“Men–Gender Equality Is Your Issue Too”; AHS Students On How Gender Stereotypes Affect Men

Julia Harrison, Opinion Editor

“We don’t want to talk about men being imprisoned by gender stereotypes, but I can see that they are. When they are free, things will change for women as a natural consequence. If men don’t have to be aggressive, women won’t feel compelled to be submissive. If men don’t need to control, women won’t have to be controlled,” Emma Watson, the Women’s Goodwill Ambassador for the United Nations said on her address to the UN on Sept. 20.

Watson is the spokesperson for a program the UN has just begun called “He For She.” The program wants to bring the other half of the population into the picture, to promote men to speak up for gender equality and to conquer gender stereotypes that affect them, too.

“How can we affect change in the world when only half of it is invited or feels welcome to participate in the conversation?”

“There won’t be any change if half of the population doesn’t work hard to make it happen,” junior Kai Millner said. Millner believes that men suffer from gender stereotyping as women do, if not as severely.

Where Millner believes that gender stereotypes affect women most in a physical sense, it is the pressure to be masculine that inhibits men from being totally themselves. “If you’re not super buff or super athletic then you kind of feel like you’ve been grouped into the nerd stereotype.”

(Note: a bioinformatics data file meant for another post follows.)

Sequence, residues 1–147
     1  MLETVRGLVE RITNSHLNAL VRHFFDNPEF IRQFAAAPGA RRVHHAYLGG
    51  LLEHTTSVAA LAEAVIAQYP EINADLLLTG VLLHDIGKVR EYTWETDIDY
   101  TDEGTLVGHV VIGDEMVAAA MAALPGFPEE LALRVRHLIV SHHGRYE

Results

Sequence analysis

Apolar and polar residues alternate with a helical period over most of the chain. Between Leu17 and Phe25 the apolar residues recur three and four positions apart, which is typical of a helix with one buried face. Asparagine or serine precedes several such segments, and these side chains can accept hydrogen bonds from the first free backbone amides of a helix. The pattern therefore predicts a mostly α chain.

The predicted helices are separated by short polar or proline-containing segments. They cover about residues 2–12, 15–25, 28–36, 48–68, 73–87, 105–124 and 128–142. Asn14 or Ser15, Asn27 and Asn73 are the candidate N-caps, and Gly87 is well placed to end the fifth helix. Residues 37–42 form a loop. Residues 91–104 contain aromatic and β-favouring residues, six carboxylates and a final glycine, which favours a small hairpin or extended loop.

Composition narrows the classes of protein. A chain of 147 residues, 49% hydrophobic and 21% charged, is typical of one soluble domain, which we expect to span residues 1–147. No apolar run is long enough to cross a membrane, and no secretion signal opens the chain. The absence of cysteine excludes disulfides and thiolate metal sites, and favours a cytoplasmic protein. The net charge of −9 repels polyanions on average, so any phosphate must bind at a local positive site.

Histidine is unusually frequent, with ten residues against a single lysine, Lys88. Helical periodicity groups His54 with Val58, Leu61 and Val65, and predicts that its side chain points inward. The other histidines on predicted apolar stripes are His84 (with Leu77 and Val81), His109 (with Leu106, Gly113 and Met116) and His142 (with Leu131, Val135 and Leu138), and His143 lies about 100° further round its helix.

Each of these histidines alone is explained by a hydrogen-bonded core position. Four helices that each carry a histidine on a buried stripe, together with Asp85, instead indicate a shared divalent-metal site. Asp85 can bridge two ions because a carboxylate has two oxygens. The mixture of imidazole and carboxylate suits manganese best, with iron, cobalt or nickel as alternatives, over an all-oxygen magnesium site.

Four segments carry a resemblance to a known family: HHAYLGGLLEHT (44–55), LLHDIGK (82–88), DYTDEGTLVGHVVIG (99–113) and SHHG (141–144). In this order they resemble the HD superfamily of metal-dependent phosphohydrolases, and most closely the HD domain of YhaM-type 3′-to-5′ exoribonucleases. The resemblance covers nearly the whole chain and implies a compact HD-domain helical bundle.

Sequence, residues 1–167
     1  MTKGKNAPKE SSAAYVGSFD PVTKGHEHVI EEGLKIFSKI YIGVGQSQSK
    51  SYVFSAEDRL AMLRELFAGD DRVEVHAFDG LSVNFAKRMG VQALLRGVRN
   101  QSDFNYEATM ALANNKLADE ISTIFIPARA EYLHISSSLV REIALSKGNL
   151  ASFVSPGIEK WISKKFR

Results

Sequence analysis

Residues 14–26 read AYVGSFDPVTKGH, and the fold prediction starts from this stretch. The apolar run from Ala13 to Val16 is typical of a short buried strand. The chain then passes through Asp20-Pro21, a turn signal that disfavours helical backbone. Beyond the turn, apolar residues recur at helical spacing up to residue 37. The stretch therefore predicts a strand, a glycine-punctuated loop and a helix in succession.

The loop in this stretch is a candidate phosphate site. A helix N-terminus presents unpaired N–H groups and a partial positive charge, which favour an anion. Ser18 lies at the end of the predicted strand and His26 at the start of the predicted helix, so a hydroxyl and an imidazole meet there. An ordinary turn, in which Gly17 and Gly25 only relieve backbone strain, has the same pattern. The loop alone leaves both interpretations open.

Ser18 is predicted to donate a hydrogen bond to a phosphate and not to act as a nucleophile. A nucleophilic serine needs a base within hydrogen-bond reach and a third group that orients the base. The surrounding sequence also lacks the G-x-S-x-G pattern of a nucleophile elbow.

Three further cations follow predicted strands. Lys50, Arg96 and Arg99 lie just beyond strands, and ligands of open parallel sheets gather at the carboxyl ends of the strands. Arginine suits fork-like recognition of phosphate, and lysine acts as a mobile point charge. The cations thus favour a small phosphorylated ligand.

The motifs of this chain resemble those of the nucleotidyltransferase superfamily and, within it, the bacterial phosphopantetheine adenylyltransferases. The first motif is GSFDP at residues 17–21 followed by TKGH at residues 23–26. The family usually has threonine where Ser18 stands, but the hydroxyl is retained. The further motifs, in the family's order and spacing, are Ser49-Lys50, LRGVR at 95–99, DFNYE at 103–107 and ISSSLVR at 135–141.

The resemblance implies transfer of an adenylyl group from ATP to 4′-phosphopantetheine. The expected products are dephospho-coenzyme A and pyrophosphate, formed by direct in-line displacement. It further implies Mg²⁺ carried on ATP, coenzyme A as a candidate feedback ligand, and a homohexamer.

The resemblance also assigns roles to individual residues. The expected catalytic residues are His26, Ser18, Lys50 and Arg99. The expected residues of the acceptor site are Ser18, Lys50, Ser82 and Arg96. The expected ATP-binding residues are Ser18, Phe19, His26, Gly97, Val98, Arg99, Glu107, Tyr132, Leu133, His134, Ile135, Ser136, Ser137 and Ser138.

The key to eliminating these gender-based expectations is through “awareness, empathy, and perspective,” senior Kirby Farineau said. “Abandon the archaic ideas of gender normality.”

While many self-proclaimed feminists argue that their sex is explicitly sexualized in the entertainment business, “the media does a lot to enforce male stereotypes, too” Farineau said.

The Cure’s 1980 hit, “Boys Don’t Cry,” “Be A Man” from the Mulan soundtrack, Captain America, Fight Club and thousands of other songs, movies and TV shows demonstrate themes of a traditional manliness and what characteristics lie within that theme.

Disney’s “Prince Charming” instills dreamy expectations of men in the minds of young girls who could then potentially spend a great portion of their life waiting for a “knight in shining armor” (puffy sleeves and tights), to gallop into their lives on a white stallion and save them from a cruel and cubicular reality!

“Some people may think of all men as pigs or maybe they just want to score with a woman,” senior D.G. Archer said, “but that might just be because we watch too many movies.”

Similarly because of the traditional male values portrayed in entertainment, Farineau believes “men are often told they have to be fit, tough, masculine,” and the gender-specific roles that the media places on its products and characters eventually results in feelings of alienation that affect both males and females. “We as a community and society have to join together in destroying the idea of ‘girl stuff’ and ‘boy stuff.’”

“We need to stop limiting how people use their bodies, or how people dress and act,” Farineau said. “Giving products or interests or actions a certain gender connotation is entirely useless to the well-being of everyone.”

“Men–gender equality is your issue, too,” Watson said.